We begin a new series of posts this week by Adam Dudley, an experienced architect who specialises in community architecture. Adam provides a detailed analysis of the aspirations and realities behind the original construction of Wester Hailes. Based on his personal memories and experiences, Adam reflects both on the building process and some of the wider issues and lessons to be drawn from what happened.
MEMOIRS OF A COMMUNITY ARCHITECT- THE BAD, THE GOOD AND THE UGLY
Sometime around the mid 1960’s, in their initial report to the Planning Department, entitled ‘Wester Hailes – A Plan for a City Suburb’, the master planners and architects for the project, Sir Frank Mears & Partners, estimated that a total of 4,000 houses, consisting generally of 2 and 4 apartments, could be built on the site. Whilst some ‘higher’ housing blocks were envisaged, the architects had recommended that the housing should generally not exceed 8 or 9 storeys ‘for architectural and social reasons’. The architect’s plan, their report concluded, ‘embodies modern techniques which can ensure that the future residents may walk and drive in Wester Hailes with safety, convenience, enjoyment, and without conflict. It is hoped that in its final working out and materialisation, it will achieve in 20th century terms some of the civic qualities of former times.’ A schematic plan of the proposals for the Wester Hailes suburb, alongside plans of Edinburgh’s old and new towns were appended to the report to underpin this ‘vision’, complete with artists’ impressions of the proposals.
The Architect’s Vision
By 1975 the suburb of Wester Hailes was complete, although the promenades, courtyards, and lakeside views which had been depicted in the initial design report never did quite materialise. In reality some 4550 house were built on the site, rather than the 4000 houses originally estimated. Building contracts for the works had been secured by both competitive tendering and by negotiation, incorporating industrialised building systems. Of the ten separate housing contracts, five were carried out by J Smart & Co. contractors, one by Hart Builders, and four were design and build contracts. According to the Council, all of the houses were ‘built to the relevant space standards, they accord with the Building Regulations, and have an economic life of 60 years.’ [F1]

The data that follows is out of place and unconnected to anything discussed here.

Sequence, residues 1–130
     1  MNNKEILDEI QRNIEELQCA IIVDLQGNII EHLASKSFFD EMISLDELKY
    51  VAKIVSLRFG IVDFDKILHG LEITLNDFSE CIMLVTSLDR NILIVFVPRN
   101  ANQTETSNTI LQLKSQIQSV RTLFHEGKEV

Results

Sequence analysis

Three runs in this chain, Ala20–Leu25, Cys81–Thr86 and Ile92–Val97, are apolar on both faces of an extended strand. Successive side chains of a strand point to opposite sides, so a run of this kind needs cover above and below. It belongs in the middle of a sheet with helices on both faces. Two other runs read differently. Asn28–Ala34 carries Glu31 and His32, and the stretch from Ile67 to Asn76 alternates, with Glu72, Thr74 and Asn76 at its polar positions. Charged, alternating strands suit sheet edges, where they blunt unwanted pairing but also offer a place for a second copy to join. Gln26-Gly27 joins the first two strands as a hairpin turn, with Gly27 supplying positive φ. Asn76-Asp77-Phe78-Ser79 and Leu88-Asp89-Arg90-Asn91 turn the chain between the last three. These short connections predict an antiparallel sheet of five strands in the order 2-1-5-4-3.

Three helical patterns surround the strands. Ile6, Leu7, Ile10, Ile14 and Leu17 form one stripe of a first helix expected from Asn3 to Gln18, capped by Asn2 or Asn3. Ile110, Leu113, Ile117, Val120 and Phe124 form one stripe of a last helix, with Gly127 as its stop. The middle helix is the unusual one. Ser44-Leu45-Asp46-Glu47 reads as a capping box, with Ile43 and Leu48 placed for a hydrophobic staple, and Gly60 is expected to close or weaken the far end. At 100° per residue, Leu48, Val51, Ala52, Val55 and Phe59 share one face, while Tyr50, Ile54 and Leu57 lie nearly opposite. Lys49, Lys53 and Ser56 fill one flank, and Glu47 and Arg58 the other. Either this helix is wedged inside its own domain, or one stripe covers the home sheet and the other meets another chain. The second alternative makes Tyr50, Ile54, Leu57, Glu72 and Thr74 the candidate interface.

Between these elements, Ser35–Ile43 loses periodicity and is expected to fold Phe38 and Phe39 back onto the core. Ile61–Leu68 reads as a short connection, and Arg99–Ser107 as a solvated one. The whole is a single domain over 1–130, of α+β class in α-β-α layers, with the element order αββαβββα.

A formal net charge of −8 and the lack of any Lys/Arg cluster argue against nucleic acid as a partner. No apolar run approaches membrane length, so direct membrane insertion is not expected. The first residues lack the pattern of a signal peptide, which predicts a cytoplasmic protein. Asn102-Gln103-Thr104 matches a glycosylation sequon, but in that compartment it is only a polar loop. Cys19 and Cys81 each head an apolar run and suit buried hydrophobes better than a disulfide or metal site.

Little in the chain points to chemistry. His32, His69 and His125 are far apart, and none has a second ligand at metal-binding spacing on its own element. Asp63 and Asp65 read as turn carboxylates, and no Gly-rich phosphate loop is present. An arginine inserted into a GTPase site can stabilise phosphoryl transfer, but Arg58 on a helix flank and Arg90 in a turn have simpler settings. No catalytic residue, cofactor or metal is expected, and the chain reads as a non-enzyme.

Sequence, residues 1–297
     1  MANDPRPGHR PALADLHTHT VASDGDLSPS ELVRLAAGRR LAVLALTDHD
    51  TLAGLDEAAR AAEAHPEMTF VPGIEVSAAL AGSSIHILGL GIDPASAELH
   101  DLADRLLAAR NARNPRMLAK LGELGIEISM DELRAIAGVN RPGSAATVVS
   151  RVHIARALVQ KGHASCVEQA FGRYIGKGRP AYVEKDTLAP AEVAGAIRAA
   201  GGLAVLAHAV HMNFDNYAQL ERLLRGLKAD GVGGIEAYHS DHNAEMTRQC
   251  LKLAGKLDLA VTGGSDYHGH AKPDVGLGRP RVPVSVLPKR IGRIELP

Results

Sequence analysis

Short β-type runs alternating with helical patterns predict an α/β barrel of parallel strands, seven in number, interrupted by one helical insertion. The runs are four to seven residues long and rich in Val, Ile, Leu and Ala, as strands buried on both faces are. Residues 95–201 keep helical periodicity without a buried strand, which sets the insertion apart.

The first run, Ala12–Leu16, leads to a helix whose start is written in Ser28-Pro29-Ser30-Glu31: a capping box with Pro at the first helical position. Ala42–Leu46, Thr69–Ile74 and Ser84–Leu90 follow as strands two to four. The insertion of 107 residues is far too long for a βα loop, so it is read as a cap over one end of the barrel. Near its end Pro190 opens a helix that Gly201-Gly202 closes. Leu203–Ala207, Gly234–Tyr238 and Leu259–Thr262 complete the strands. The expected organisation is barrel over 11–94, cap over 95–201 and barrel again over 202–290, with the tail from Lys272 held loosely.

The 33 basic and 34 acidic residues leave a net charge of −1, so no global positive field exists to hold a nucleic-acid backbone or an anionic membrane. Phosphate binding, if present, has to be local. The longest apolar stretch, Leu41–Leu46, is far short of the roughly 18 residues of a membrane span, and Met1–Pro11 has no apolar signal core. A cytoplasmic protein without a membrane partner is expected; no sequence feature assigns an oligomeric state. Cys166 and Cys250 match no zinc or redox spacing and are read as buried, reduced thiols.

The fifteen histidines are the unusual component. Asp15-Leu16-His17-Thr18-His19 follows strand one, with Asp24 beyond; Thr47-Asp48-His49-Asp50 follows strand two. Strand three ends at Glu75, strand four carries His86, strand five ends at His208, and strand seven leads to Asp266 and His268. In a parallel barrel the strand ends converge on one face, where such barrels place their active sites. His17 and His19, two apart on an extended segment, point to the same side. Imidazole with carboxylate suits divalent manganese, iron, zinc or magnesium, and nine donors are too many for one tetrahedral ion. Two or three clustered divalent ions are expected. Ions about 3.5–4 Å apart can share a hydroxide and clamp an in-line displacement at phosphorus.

The year is 1980. I am 23 years old and I am back living with my mother and brothers in Clovenstone whilst in my final year at Heriot Watt University, studying architecture. For the main project of the year I have chosen to look at the failings of public housing, and to focus on Wester Hailes in particular.
The shortcomings of the existing built environment of Wester Hailes had already been well documented in previous studies, such as ‘Wester Hailes speaks for itself’ prepared by residents in 1977, and ‘Wester Hailes – a perspective of community needs’, prepared by the local authority’s Community Research Section. Given the body of evidence, it seemed therefore appropriate that I should consult the master planners and architects of Wester Hailes directly to see if they could provide some special insight into why their collective vision might have failed.
An interview with Mr Jimerson of Sir Frank Mears & Partners was duly arranged, during which I recorded the architect’s account of the various difficulties which impacted on the final design. From my notes taken at the time, the following explanations were given: Continue reading